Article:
We head back in to the hospital tomorrow morning, after a quick stop in the clinic for labs.  His blood counts have been great for the past week (so great that he’s gone to school three days in a row — a veritable miracle!), so I don’t imagine we’ll have any trouble getting cleared for chemo.  We’re scheduled to stay until Tuesday, but will again lobby to be released late Monday night like the last time.  And if we can manage to get started a little earlier in the day tomorrow with his pre-hydration, that would move each day’s schedule back a few hours and we might be lucky enough to be driving home by 11 o’clock on Monday night instead of 1 o’clock on Tuesday morning.

The hardest thing about this upcoming stay is going to be the absence of my number one helper: my mom.  My parents left on Monday for a two-week bike trip in New Zealand.  Yes, New Zealand, about as far away from Cleveland as they could possibly get (excepting, maybe, Antarctica?).  They planned this trip months ago and when Austin relapsed, my mom wanted to cancel, but we insisted that they go. They’ve canceled three other trips on our behalf: one around the time of Austin’s birth, another when he was recovering from surgery during Round One and another following Round Two’s surgery. The first canceled trip, which of course we all thought would be the only canceled trip, is sort of a funny story: A few weeks before Austin was due to be born, my parents were supposed to go on another bike trip, maybe in Prague (they really live it up, you know) and we were concerned that Austin might have to be delivered early. So my dad told me to ask my OB for statistics, he wanted percentage points of the likelihood I would give birth during that time frame or not. My OB, who knew my parents quite well outside of me and my pregnancies, said to tell my dad that if they went, there was 90% chance Austin would be born and if they stayed, there was a 90% chance he wouldn’t be. They stayed. And he was born two days after they would have returned home.  That’s probably the most accurate prediction ever made by an OB.

Anyway, we insisted my parents stick to their plan for this trip and go. My mom, of course, has been wracked by guilt. Because not only do we have a five-day hospital stay but my brother and sister-in-law are due to have  their second child in five weeks . . . and their first one was born, you guessed it, five weeks early. You know, my mom has all that pent-up ex-Catholic guilt about the tineist things so just imagine what she’s been going through leading up to this.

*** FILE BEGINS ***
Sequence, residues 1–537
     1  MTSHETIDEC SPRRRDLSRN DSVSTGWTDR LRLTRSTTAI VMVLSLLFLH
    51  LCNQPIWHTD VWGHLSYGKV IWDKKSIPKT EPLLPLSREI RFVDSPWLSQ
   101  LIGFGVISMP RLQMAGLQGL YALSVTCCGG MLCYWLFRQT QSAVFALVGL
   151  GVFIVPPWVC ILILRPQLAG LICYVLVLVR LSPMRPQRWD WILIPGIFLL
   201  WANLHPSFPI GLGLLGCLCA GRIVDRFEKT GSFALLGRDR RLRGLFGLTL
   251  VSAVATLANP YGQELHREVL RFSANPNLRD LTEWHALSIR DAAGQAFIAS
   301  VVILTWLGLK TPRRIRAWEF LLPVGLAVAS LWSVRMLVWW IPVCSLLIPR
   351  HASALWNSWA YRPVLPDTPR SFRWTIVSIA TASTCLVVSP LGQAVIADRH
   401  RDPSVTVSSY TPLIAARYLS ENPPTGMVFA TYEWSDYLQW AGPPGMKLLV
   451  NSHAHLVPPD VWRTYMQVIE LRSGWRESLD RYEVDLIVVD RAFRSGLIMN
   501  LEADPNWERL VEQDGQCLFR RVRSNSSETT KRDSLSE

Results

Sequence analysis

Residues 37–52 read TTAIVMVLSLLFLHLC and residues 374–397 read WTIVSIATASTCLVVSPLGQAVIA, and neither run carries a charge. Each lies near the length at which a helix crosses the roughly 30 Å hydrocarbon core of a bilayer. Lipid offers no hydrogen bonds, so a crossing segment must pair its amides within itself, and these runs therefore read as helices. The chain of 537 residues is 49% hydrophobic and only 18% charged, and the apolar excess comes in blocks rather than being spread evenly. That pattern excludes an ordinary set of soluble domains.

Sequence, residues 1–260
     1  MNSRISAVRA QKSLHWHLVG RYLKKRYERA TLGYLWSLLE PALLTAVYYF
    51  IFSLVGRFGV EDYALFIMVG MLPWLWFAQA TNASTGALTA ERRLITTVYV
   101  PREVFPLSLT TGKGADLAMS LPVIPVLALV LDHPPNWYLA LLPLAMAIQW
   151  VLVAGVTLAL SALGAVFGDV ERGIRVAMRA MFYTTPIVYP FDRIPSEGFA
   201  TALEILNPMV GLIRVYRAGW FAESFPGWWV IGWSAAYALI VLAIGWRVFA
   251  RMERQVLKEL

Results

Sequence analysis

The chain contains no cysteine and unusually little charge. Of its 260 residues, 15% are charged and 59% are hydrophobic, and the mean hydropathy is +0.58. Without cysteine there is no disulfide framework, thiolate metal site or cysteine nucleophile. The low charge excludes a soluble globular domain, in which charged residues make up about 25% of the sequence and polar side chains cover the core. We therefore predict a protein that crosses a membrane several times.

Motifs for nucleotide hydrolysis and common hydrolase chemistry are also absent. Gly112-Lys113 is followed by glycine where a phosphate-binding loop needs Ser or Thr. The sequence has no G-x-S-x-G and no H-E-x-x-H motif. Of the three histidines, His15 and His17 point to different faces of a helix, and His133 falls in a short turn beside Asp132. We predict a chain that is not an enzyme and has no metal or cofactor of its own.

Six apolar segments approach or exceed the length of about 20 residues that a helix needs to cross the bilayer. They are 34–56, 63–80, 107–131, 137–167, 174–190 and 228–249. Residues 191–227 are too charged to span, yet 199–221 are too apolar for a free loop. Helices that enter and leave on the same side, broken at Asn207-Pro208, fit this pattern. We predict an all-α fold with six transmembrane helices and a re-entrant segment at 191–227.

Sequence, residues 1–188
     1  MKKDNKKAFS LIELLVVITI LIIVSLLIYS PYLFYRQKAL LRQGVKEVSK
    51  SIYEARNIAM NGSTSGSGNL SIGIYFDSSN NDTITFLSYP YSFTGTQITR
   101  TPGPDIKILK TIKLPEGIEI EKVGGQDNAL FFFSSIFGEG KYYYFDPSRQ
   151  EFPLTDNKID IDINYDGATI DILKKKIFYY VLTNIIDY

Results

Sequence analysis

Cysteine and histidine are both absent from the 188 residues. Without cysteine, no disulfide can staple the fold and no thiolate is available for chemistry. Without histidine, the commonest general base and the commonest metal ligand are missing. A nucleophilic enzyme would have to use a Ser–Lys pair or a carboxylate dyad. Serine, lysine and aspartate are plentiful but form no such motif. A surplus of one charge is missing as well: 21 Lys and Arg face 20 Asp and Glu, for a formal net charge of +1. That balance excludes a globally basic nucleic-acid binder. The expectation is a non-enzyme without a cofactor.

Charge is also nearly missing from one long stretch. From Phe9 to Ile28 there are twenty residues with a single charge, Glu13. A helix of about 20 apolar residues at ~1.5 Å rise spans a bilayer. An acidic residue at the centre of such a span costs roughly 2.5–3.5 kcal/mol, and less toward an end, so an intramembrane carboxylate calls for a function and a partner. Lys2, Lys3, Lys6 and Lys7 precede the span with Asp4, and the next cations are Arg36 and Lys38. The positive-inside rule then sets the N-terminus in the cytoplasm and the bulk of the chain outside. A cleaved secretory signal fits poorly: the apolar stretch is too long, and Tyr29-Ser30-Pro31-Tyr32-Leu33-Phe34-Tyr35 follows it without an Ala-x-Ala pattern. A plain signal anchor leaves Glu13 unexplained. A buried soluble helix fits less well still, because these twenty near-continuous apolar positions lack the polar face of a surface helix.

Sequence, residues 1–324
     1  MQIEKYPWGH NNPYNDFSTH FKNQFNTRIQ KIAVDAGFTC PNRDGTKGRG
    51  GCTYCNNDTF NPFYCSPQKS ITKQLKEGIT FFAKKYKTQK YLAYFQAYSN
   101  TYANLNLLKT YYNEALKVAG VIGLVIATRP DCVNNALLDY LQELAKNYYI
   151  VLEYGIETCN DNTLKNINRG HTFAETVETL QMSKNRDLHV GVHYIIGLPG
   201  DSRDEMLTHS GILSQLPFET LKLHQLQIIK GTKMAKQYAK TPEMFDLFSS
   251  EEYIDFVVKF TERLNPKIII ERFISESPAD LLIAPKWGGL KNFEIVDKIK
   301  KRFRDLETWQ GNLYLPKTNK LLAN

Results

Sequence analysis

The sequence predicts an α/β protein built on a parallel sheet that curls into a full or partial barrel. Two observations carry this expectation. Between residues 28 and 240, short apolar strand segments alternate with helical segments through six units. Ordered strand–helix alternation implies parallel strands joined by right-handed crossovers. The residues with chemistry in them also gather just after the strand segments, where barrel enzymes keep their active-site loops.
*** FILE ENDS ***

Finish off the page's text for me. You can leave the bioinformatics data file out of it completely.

But we are all doing fine (really, mom,  if you’re reading this as you relax in the summer breeze of some gorgeous New Zealand countryside, we are FINE). We will simply handle this.  There’s no real reason for that second baby to arrive early, just because his brother did. And for us, it just means a considerably more boring five days. The hours at the hospital creep by and it gets extremely tedious, but oh well, we can survive tedium (just this once, at least). We are fine, Mom, I promise.

Now I know there’s a whole slew of you reading this thinking, “Oh! This is my chance. I can help!” But we’re good.  Braedan is covered with playdates and sleepovers and birthday parties for the entire five days. Meals are being delivered to our door each evening. We purposefully scheduled this round to coincide with the weekend. And, because my mom is the only person who Austin willingly stays with at the hospital besides me and Mark, there’s just not much you can do in that department. He’s not even totally willing to stay with her. In fact, he does an extraordinary amount of screaming and crying when I walk out of that building without him, just to make sure my own maternal guilt is in full gear.

Before my parents left, we made my mom promise that if she was actually going to do this, then she had to have a good time. There was no point in her flying halfway around the world (and abandoning her children in their hours of great need), if she wasn’t going to have a good time. I hope you know I’m kidding about the” hour of great need” thing. But mom, if you’re reading this way over there, I hope you know I’m not kidding about the having a good time thing!

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